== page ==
She likes couples to include something special or sentimental in their floral designs. One bride asked to have her grandmother’s jeweled brooch in her bouquet, another a keepsake necklace.
A bridal party wanted to help with the table arrangements. The bride and her attendants visited Abbott’s home in Rohnert Park, where she is handling all her arrangements, and kept busy.
“It was like a class,” Abbott said. “They were so excited that they were able to participate.”
She enjoys sharing her talents with others, giving them tools they can use for other floral projects at home.
His classes include step-by-step demonstrations and instructions, with Abbott encouraging students to follow his patterns while bringing a personal touch to their work.
Although she prefers an abundance of flowers, some students are more reserved, using fewer flowers but still achieving attractive results.
Abbott shares tried-and-true design patterns — “a square within a square within a square, getting smaller as you go up” — but knows that each arrangement will be unique to the designer.
She may have a dozen students using the same materials, but no two designs will be identical.
“I tell people, ‘You are the creator. You choose how you want to do it. I’ll give you the pattern, but it’s up to you,’?” she said.
Abbott’s holiday-themed courses are particularly popular. This year, her classes at Rohnert Park include Valentine’s Day, Easter, Mother’s Day, Halloween, Thanksgiving and Christmas themes.
Arrangements typically feature greenery, basic flowers like carnations, mini carnations, and mums, as well as special flowers and seasonal decorations ranging from puffed hearts and polystyrene Easter eggs to plastic spiders and baubles. of Christmas.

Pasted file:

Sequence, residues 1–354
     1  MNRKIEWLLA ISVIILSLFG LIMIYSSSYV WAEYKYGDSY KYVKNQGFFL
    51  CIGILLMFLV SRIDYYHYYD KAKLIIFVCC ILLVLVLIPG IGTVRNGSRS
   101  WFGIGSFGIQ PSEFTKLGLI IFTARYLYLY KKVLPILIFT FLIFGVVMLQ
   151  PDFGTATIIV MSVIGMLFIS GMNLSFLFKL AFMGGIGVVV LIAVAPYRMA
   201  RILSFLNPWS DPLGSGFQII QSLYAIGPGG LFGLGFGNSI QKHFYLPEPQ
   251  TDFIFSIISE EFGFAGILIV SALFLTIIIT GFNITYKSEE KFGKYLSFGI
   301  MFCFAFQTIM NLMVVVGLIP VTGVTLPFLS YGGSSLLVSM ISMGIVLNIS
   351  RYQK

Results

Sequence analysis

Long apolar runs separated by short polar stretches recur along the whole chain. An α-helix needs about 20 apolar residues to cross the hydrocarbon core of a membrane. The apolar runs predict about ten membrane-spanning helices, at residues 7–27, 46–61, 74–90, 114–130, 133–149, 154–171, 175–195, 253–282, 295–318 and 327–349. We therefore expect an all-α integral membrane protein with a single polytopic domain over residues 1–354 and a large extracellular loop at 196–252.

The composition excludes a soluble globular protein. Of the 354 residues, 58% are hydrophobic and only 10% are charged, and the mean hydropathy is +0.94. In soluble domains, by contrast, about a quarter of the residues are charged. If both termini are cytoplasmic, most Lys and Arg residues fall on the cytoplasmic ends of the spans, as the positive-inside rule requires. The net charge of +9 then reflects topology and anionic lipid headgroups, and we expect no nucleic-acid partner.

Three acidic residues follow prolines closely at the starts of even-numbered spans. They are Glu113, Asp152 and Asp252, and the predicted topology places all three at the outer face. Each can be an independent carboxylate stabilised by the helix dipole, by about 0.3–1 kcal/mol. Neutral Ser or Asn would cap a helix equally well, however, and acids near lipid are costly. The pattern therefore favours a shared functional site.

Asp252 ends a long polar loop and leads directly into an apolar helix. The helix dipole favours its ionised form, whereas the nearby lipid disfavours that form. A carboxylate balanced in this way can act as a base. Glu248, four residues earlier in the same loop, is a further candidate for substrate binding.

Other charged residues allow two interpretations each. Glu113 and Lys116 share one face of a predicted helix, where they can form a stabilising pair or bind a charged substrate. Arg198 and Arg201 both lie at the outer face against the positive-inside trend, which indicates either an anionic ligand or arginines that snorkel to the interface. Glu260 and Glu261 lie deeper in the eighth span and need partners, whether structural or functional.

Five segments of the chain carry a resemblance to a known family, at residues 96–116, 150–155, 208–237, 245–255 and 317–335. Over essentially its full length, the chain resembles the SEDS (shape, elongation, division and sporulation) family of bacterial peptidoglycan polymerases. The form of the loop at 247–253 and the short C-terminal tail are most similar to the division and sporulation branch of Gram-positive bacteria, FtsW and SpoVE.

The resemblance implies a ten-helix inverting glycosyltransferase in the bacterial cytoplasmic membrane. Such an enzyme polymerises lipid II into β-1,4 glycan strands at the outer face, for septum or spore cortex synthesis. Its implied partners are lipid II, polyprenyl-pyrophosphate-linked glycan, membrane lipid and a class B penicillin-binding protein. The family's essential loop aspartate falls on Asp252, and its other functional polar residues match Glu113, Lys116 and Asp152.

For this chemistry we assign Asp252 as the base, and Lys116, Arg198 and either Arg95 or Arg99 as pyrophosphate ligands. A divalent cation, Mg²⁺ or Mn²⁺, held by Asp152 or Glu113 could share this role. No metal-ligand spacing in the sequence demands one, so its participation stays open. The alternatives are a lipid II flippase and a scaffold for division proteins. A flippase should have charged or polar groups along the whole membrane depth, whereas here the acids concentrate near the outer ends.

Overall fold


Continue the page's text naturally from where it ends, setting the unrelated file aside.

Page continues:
The arrangements all include bows, but Abbott prepares them before class from the extensive collection of ribbons she keeps at home.
“Every arrangement has some sort of arc, but they hate doing the arcs,” she said. She now teaches classes only on arch design – fun for those who want to try.
Another class of design showcases a large bow – but not a single flower. Students use an ice pick, toothpicks and around 100 corks to assemble onto a straw wreath frame, changing the bows according to the seasons. She offered her homage to Wine Country as another way to work creatively and reuse wine corks.
Among the joys she has discovered, Abbott derives great satisfaction when her flower students marvel at their own abilities.
“They take pictures and send them to friends and put them on Facebook,” she said. “It makes me feel so good to do this. Guess I need that adoration to do that.
Lorrie Abbott will teach “Valentine’s Day Arrangement” from 6 to 7:30 p.m. Thursday at the Rohnert Park Community Center, 5401 Snyder Lane. The cost is $20, plus a $15 hardware fee. For more information or to register, call 707-588-3456 or visit rpcommunityservices.org.
Contact Towns Correspondent Dianne Reber Hart at [email protected]